Types of Hearing Loss


man holding a photo of his ear

The most common type of hearing loss, called sensorineural, often stems from damage to the tiny hairs that line the inner ear. These cells convert incoming sound waves into electrical signals that are then shuttled to the brain, which interprets them as meaningful sounds.

Aging and chronic exposure to loud noises are the most common causes of damage, but certain medications, illnesses, and a family history of severe hearing loss can also increase your risk.

Although it’s often not reversible, sensorineural hearing loss can be treated with hearing aids, which selectively amplify sounds, or cochlear implants, which bypass the damaged portions of the hearing system and electrically stimulate the auditory nerve.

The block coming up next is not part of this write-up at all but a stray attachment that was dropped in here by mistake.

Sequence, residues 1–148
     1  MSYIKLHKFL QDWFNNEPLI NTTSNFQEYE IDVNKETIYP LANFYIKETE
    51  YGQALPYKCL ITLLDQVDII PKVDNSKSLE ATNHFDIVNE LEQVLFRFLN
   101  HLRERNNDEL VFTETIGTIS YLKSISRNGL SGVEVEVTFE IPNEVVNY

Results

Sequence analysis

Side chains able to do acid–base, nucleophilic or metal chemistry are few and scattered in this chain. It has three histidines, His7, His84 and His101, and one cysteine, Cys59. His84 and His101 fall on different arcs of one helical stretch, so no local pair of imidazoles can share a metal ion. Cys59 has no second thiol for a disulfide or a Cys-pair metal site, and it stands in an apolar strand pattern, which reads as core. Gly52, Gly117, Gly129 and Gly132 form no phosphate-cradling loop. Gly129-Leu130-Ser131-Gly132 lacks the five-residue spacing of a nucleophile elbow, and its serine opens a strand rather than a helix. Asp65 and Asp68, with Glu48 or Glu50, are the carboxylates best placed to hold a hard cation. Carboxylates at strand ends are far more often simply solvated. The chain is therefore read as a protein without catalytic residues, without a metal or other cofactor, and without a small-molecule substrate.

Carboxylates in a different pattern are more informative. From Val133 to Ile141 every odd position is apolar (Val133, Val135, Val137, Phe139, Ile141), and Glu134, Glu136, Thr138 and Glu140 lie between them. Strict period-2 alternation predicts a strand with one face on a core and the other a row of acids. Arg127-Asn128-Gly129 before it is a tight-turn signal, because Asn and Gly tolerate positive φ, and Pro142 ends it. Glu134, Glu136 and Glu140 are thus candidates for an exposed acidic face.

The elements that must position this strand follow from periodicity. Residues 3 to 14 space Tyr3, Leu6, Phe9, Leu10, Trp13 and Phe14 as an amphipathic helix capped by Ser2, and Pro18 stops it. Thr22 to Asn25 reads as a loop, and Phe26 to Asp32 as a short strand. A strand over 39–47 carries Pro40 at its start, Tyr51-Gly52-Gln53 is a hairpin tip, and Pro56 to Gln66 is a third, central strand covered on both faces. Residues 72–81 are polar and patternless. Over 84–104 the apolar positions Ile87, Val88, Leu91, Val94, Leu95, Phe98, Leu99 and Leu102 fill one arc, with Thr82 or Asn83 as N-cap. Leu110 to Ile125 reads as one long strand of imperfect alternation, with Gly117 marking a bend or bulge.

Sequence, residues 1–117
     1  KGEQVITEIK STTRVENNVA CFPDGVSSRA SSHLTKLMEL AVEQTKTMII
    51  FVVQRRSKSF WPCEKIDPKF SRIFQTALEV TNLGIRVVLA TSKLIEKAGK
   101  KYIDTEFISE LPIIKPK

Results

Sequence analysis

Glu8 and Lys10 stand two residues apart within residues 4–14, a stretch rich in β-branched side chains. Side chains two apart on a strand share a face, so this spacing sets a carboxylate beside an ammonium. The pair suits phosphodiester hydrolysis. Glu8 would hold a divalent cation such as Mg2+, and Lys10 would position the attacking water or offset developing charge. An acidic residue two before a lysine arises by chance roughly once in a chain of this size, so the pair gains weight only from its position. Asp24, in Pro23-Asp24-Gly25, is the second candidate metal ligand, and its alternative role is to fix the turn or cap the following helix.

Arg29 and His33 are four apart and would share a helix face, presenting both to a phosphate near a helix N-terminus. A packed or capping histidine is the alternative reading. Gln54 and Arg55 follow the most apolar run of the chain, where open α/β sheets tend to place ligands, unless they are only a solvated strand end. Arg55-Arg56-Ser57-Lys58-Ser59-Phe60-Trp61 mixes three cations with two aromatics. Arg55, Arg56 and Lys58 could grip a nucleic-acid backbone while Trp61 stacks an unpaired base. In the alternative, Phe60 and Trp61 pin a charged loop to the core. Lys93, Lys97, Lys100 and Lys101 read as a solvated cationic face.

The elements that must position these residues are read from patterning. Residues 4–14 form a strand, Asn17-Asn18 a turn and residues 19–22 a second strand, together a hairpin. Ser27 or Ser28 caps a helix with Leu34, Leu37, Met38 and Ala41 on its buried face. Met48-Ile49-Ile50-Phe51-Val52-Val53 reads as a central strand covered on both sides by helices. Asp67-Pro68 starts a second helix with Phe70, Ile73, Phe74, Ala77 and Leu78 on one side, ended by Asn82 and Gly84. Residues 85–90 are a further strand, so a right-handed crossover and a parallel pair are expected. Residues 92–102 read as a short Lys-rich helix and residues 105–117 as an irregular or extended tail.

Conductive hearing loss is less common and often occurs as a result of a physical blockage or malformation in the middle or outer ear that prevents sound waves from passing through the ear canal. Impacted earwax, fluid buildup from an infection, and a variety of disorders can cause the blockage.

Removing the blockage or, in the case of malformations, corrective surgery usually restores hearing, but if not, a hearing aid may be used.
Older adults sometimes have a mix of both types of loss.